Russia has deployed a new division of S-400 surface-to-air missiles in Crimea, Russian news agencies reported, in an escalation of military tensions on the Crimean peninsula.
- The missiles will control the airspace over the border with Ukraine
- The S-400 can bring down airborne targets within a 400km range
- Fresh US sanctions against Russia are expected within weeks
The US said in December it planned to provide Ukraine with "enhanced defensive capabilities", including Javelin anti-tank missiles.
Washington is expected to impose fresh sanctions against Moscow next month for alleged meddling in the 2016 US presidential vote, further straining relations between the two superpowers.
Moscow's latest deployment represents the second division armed with S-400 air defence systems on the peninsula, after the first was deployed in the spring of 2017 near the port town of Fedosia.
The new division will be based next to the town of Sevastopol and will control the airspace over the border with Ukraine, the RIA news agency reported.
The new air defence system, designed to defend Russia's borders, can be turned into combat mode in less than five minutes, Interfax news agency quoted Viktor Sevostyanov, a commander with Russia's air forces, as saying.
Russia's defence ministry says the S-400 systems, known as "Triumph", can bring down airborne targets at a range of 400 kilometres and ballistic missiles at a range of 60 kilometres.
They were first introduced to the Russian military's arsenal in 2007, the ministry said.
Russia braces for new US sanctions
Deputy Foreign Minister Sergei Ryabkov told local media the expected US sanctions, which may be imposed as soon as early February, are an attempt to influence Russia's domestic affairs.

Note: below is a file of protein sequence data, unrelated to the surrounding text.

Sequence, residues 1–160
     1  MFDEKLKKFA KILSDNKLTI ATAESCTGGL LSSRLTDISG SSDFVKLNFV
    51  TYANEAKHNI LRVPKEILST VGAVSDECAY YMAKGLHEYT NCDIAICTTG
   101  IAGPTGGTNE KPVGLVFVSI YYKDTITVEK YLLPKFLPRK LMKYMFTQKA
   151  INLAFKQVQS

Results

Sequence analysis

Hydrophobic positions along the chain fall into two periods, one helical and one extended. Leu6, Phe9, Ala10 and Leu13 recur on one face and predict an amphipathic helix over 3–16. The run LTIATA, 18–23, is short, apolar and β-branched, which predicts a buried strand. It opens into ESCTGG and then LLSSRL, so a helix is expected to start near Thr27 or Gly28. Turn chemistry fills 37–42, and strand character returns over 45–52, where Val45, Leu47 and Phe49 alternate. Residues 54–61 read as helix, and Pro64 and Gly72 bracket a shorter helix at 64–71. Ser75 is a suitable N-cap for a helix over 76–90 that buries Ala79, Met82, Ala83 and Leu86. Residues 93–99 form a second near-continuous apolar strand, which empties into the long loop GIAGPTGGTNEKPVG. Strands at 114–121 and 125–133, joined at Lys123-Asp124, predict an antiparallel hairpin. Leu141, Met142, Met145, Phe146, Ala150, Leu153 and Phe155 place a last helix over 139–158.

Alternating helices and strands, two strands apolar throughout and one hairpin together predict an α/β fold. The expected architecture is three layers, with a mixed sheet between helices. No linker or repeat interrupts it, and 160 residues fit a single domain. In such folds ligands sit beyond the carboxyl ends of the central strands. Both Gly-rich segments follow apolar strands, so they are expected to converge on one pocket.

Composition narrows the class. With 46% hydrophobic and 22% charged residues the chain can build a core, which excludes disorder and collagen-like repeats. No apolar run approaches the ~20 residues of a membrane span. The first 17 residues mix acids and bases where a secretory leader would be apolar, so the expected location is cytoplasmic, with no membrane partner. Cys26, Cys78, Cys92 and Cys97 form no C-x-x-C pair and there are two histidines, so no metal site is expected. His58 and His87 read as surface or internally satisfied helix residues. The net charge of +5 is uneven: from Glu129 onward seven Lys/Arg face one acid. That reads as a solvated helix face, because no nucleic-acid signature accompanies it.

"We see this as yet another attempt to influence our internal situation, especially ahead of the presidential election," Mr Ryabkov said.
Russia will hold its next presidential vote on March 18 when President Vladimir Putin is widely expected to win another six-year stint.
Russia has repeatedly denied any involvement in the 2016 US elections that put Donald Trump in power.
Mr Ryabkov told Tass news agency he expects the United States to present two anti-Russian reports with the sanctions.
One of the reports would likely extend the number of Russian officials and companies on the sanctions list, while the other would analyse whether sanctions so far have proved to be effective, Mr Ryabkov said.
After the first round of sanctions in 2014 for annexing Crimea, Russia retaliated by banning food imports from signatory countries.
In August last year, Mr Trump grudgingly signed into law a new package of sanctions that Congress had overwhelmingly approved, which also limited Mr Trump's own ability to lift any sanctions against Russia.
He criticised the legislation as having "clearly unconstitutional" elements.
The new round of US sanctions could possibly include a ban on the purchase of Russian treasury bonds.